The diaptomid fauna of Israel (Copepoda, Calanoida, Diaptomidae), with notes on the systematics of Arctodiaptomus similis (Baird, 1859) and Arctodiaptomus irregularis Dimentman & Por, 1985 stat. rev
© Marrone et al.; licensee Springer. 2014
Received: 25 June 2014
Accepted: 14 November 2014
Published: 12 December 2014
To date, only scarce information is available about the diaptomid copepods of the Middle East despite the ecological and biogeographical importance of the family Diaptomidae in the inland waters of the Holarctic region. Moreover, the taxonomic status of some of the taxa occurring in the area is in need of revision. We studied crustaceans collected from temporary and permanent lentic water bodies in Israel with the aim of providing an updated census of the diaptomid copepods occurring in the country. Furthermore, we morphologically and genetically analysed samples of Arctodiaptomus similis s.l. to shed light on its taxonomy.
Five diaptomid taxa were collected during this survey. Among these, Phyllodiaptomus blanci is new for the country and the whole circum-Mediterranean area and might be an allochthonous species of eastern origin. Within the collected samples, we singled out two parapatric groups of populations within A. similis s.l.; these consistently differ both based on morphology (chaetotaxy of the left male antennule) and molecular data (divergence over 17% at the mitochondrial gene for the cytochrome b). We thus attribute the full species rank to Arctodiaptomus irregularis Dimentman & Por, 1985 stat. rev., originally described as a subspecies of the widespread species Arctodiaptomus similis (Baird, 1859).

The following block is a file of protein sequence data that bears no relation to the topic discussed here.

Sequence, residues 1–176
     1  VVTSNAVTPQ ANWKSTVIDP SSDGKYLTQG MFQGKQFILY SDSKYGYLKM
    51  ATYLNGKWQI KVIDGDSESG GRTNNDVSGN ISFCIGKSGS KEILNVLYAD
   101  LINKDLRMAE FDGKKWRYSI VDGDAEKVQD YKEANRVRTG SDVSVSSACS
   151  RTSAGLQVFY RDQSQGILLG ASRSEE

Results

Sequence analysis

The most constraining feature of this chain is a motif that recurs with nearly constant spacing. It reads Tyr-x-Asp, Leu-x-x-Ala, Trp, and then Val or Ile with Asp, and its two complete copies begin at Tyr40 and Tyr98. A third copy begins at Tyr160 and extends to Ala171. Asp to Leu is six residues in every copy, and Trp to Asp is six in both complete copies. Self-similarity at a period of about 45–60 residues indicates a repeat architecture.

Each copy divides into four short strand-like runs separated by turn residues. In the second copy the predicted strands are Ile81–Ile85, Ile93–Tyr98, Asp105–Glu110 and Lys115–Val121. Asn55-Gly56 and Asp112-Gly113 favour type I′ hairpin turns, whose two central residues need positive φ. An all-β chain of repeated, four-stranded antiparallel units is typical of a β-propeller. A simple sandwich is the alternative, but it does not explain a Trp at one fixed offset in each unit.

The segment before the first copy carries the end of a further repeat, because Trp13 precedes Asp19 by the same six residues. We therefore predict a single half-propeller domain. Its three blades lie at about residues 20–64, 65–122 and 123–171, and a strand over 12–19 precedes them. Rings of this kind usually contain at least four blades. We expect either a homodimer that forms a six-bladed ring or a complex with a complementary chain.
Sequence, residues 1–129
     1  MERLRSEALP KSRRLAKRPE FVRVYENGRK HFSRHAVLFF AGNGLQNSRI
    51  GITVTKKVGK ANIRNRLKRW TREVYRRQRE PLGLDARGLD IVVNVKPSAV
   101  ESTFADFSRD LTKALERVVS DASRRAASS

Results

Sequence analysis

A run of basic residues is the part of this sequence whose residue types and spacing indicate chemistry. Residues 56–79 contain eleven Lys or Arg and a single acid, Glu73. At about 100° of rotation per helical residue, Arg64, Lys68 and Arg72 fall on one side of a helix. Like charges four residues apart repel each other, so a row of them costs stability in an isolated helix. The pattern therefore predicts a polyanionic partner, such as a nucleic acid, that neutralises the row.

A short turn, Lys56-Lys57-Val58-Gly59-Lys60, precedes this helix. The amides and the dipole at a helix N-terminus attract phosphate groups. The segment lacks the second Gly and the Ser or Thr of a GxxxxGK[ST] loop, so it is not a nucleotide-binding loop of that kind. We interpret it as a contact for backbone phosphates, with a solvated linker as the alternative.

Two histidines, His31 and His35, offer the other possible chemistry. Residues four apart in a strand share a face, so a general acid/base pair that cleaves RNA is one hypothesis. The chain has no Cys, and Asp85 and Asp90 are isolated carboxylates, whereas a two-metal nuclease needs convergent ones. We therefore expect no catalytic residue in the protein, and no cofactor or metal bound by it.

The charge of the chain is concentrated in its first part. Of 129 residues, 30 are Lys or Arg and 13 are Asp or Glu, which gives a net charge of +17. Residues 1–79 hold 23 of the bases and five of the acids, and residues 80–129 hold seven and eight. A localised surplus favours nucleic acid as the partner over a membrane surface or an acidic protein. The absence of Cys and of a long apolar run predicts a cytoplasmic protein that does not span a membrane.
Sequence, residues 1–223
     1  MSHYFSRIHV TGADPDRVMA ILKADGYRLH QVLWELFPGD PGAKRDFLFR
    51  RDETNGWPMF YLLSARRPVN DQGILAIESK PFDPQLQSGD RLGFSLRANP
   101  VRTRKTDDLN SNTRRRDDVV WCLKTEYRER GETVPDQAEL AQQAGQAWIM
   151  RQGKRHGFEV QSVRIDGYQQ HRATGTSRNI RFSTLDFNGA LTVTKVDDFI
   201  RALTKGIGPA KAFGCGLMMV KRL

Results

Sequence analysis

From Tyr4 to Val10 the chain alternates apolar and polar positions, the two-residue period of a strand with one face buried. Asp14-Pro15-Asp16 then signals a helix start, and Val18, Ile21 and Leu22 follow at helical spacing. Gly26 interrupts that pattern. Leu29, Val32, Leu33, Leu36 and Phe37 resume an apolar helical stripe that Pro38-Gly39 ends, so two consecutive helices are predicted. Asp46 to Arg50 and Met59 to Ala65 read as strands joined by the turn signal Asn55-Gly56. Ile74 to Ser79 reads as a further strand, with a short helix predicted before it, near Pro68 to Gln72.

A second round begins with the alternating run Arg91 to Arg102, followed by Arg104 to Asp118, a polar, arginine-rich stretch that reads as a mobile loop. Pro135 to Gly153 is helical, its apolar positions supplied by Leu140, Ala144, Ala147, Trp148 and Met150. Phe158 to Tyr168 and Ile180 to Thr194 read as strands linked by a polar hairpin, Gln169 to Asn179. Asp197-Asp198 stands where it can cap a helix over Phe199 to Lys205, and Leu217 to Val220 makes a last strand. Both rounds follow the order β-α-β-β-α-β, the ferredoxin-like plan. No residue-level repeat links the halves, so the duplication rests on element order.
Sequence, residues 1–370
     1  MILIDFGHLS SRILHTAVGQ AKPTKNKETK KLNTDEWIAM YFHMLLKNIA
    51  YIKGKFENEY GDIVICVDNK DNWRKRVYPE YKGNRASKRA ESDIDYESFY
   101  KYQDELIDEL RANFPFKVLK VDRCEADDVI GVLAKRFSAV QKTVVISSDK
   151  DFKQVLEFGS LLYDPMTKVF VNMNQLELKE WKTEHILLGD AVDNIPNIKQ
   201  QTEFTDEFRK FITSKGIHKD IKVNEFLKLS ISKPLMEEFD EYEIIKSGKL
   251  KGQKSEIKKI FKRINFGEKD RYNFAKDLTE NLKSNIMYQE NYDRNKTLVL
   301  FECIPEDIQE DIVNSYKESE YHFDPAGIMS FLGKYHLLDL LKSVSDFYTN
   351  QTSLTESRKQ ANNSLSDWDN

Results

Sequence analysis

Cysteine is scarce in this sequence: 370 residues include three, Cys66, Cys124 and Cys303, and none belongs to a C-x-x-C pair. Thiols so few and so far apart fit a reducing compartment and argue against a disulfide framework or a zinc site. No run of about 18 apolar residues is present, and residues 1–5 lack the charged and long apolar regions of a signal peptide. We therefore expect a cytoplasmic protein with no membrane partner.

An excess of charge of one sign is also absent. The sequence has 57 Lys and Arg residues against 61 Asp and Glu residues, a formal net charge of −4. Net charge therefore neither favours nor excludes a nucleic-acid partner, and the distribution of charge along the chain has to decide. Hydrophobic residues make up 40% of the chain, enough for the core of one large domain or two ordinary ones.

We critically evaluated all species hitherto reported for Israeli inland waters. Considering both the confirmed literature data and the new findings, Israeli diaptomid fauna is composed of at least seven species. However, the need for further surveys in the Middle East and for detailed systematic revisions of some controversial taxa is stressed. Our results on the systematics of A. similis s.l. illustrate the importance of implementing molecular analyses when investigating diversity patterns of groups which are difficult to resolve based on morphology alone.
Representatives of the copepod family Diaptomidae often dominate the lentic inland water bodies of the Holarctic, Oriental, and Afrotropical biogeographical regions, being a key taxon in many lacustrine and pond ecosystems (Dussart and Defaye , ). Species of this family are as a rule characterised by limited distributional ranges, which are significantly constrained by the legacies of historical biogeographical events (Leibold et al. ). However, an ever-increasing corpus of molecular evidence suggests that our knowledge on diaptomid species distributions and biogeography is currently hampered by a gross underestimation of the actual diversity of the group (e.g., Marrone et al. , and references therein). In the inland waters of the Mediterranean area, about 100 diaptomid species belonging to 14 genera are currently reported to occur (Dussart and Defaye ), but the information available for certain regions is far from being satisfactory (cf. Marrone ).